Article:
Energy

SPONSORED BY CONSUMERS ENERGY

A $1.4 million line item in Gov. Gretchen Whitmer’s $60.2 billion budget proposal unveiled March 5 calls for a three-year project to catalog “hazardous materials pipelines” that cross Michigan waterways. Department of Natural Resources Director Daniel Eichinger told lawmakers this month the study, spurred by the debate over Enbridge’s Line 5 pipeline in the Straits of Mackinac, is needed to fill an information gap about dangers posed to Michigan waters.

A San Diego firm’s proposed sale of its renewable energy assets will not affect plans for a wind energy project in West Michigan, company officials say. On Feb. 12, Sempra Renewables announced plans to sell its assets to a subsidiary of Columbus, Ohio-based American Electric Power Co. Inc. for $1.1 billion. Sempra’s portfolio includes 724 megawatts (MW) of wind energy and battery storage across the U.S.

Over the past two weeks, Attorney General Dana Nessel has drawn attention to Michigan’s increasing electricity rates, pleasing consumer advocacy groups who say the issue has received little attention. Speaking to Michigan State University’s Institute of Public Utilities on Feb. 22, Nessel said in a statement she wants to “revive the legacy” of former Attorney General Frank Kelley in advocating for the public in rate cases before the Michigan Public Service Commission.

A nonprofit “green bank” that finances residential and commercial clean energy projects continues to grow, surpassing $175 million in private investment since 2009. Officials with Michigan Saves Inc., which provides low-interest loans for energy efficiency and renewable energy projects, have an ambitious goal of $1 billion of investment by 2023.

Gov. Gretchen Whitmer appointed former state representative and clean energy advocate Dan Scripps to the Michigan Public Service Commission on Feb. 8, filling a key vacancy as the administration brings a heightened focus to renewable energy and climate change.

Former Democratic legislator Dan Scripps has been appointed to the Michigan Public Service Commission, Gov. Gretchen Whitmer announced today.

MUSKEGON — A West Michigan solar energy developer is pursuing new projects and job-training in low-income communities across the state that qualify for tax relief under recent federal tax reforms. The Tax Cuts and Jobs Act of 2017 created qualified Opportunity Zones that allow investors to defer taxes on capital gains meant to spur development in low-income areas. While most projects involve real estate development, some developers across the U.S. are beginning to explore the potential for renewable energy in Opportunity Zones.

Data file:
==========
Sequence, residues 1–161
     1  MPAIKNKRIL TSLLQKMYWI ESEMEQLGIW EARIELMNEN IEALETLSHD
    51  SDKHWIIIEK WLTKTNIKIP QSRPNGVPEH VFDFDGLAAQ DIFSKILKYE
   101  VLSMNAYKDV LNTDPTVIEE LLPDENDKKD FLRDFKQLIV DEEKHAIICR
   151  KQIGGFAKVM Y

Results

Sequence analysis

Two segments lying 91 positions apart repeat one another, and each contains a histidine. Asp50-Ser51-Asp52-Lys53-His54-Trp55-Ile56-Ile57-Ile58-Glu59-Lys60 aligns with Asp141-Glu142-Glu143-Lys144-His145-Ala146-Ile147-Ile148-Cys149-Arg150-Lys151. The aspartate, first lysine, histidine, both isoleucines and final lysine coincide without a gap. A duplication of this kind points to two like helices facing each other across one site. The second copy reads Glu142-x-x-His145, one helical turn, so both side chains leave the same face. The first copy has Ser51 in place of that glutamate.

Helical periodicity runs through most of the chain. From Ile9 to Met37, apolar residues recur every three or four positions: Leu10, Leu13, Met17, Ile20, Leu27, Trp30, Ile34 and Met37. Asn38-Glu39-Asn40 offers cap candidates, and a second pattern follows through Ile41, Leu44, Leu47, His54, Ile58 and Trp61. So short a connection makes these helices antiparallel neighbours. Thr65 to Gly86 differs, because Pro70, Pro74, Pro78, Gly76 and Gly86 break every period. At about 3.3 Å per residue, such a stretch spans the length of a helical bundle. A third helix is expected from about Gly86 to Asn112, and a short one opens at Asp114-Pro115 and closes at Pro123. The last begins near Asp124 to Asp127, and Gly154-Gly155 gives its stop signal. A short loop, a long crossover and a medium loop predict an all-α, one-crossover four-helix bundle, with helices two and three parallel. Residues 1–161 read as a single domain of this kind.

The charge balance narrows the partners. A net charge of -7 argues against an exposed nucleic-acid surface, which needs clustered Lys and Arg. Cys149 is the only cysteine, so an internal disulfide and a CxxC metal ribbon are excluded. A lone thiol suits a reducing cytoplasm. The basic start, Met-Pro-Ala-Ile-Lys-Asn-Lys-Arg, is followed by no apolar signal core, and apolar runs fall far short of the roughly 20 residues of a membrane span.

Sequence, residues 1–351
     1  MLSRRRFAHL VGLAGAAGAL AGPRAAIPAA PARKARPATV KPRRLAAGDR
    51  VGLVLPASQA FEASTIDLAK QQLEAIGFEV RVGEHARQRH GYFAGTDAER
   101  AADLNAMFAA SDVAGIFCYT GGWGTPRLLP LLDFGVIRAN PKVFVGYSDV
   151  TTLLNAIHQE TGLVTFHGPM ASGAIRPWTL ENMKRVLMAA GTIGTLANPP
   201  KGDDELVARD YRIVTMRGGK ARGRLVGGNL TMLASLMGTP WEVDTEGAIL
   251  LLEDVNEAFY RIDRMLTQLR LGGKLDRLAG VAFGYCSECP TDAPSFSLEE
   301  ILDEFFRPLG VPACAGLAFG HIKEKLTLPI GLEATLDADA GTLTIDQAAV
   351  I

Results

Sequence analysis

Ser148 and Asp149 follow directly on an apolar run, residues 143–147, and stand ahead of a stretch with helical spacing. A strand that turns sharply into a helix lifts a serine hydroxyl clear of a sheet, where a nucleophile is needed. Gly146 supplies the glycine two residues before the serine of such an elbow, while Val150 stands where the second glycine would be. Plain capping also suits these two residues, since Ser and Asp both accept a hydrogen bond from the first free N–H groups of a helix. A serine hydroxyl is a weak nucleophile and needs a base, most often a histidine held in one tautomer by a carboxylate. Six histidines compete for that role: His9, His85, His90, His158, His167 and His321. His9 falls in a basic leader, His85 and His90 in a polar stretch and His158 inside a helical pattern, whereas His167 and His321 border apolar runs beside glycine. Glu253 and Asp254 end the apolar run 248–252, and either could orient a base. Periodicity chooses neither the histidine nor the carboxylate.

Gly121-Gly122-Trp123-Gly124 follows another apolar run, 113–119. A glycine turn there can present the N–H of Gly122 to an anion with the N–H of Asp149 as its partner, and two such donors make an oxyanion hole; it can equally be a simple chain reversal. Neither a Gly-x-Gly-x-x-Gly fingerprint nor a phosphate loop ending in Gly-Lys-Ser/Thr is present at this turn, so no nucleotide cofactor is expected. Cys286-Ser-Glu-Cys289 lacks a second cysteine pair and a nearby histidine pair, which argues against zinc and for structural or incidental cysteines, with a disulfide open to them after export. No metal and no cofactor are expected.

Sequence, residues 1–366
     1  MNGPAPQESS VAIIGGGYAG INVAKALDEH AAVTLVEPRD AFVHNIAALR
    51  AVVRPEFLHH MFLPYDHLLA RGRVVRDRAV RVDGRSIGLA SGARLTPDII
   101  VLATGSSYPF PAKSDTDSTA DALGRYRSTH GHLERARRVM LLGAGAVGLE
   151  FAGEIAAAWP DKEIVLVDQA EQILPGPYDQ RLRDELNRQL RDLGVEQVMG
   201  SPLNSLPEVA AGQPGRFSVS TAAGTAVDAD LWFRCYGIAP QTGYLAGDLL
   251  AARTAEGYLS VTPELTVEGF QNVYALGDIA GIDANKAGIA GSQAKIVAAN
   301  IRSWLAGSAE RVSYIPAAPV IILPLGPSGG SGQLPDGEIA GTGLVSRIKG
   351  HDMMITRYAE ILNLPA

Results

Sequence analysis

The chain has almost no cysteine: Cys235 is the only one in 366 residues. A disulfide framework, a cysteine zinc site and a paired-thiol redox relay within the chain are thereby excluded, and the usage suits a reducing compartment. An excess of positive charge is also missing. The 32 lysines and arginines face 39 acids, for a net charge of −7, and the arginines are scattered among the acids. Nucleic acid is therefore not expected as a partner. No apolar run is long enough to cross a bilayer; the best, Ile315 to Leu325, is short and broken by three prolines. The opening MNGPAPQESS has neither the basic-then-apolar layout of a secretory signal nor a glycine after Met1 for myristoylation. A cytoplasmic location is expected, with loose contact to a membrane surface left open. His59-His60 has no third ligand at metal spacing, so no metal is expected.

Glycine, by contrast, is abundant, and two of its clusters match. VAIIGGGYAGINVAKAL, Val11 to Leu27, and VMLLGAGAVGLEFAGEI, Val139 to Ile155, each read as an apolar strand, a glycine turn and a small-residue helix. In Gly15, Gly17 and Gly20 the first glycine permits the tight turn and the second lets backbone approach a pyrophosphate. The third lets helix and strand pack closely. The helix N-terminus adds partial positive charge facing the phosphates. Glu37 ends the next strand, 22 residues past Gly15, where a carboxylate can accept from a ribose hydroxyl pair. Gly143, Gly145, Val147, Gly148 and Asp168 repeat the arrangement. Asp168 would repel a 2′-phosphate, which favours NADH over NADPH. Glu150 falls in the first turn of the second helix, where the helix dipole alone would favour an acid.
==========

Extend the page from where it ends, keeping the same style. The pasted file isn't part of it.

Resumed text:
Foresight Management has acquired Grand Rapids-based Building Performance Team Inc., expanding the company’s in-house services in energy modeling and building commissioning.

The Michigan Public Service Commission has started what could be a two-year process to govern how renewable energy projects are connected to the electric grid. The plan to make new interconnection rules seeks to resolve an unprecedented backlog of requests from independent power producers to build solar projects at a time when utility customers increasingly are turning to solar for self-generation.

For about $21 million, Michigan can build a statewide network of electric vehicle fast-charging stations to meet anticipated demand by 2030.

It’s been two years since the Legislature passed sweeping energy reform bills, yet the laws remain front and center for those working behind the scenes on energy policy.

U.S. power companies are in the middle of a major shift that includes an increased focus on smaller, modular renewable energy projects and less on centralized fossil fuel plants. Jackson-based CMS Energy Corp., the parent company of Consumers Energy, is no different. Following the closure of its “classic seven” coal plants in 2016, Consumers released its long-term energy vision in June that spans the next two decades. 

Business and clean energy advocates are aligned in support of state legislation that clarifies the tax-exempt status of small-scale renewable energy systems.

GRAND HAVEN — Yet another West Michigan coal plant will be laid to rest after officials in Grand Haven adopted a plan to transition the city’s utility to more natural gas and renewable energy.

Planning for a more electrified transportation future gained steam in Michigan this year with multiple spending plans totaling $85 million, as well as a series of in-depth policy discussions among a cross-section of stakeholders.

GRAND RAPIDS — A West Michigan-based energy developer is acquiring an Iowa ethanol plant from DuPont Industrial Biosciences.

As Switch Ltd. planned a new data center in Gaines Township outside Grand Rapids three years ago, the company considered it critical that Consumers Energy could power the facility entirely with renewable energy.

Consumers Energy plans a major shift to solar energy over the next two decades, but the extent to which the Jackson-based utility will rely on third-party developers eager to build projects in Michigan remains unclear.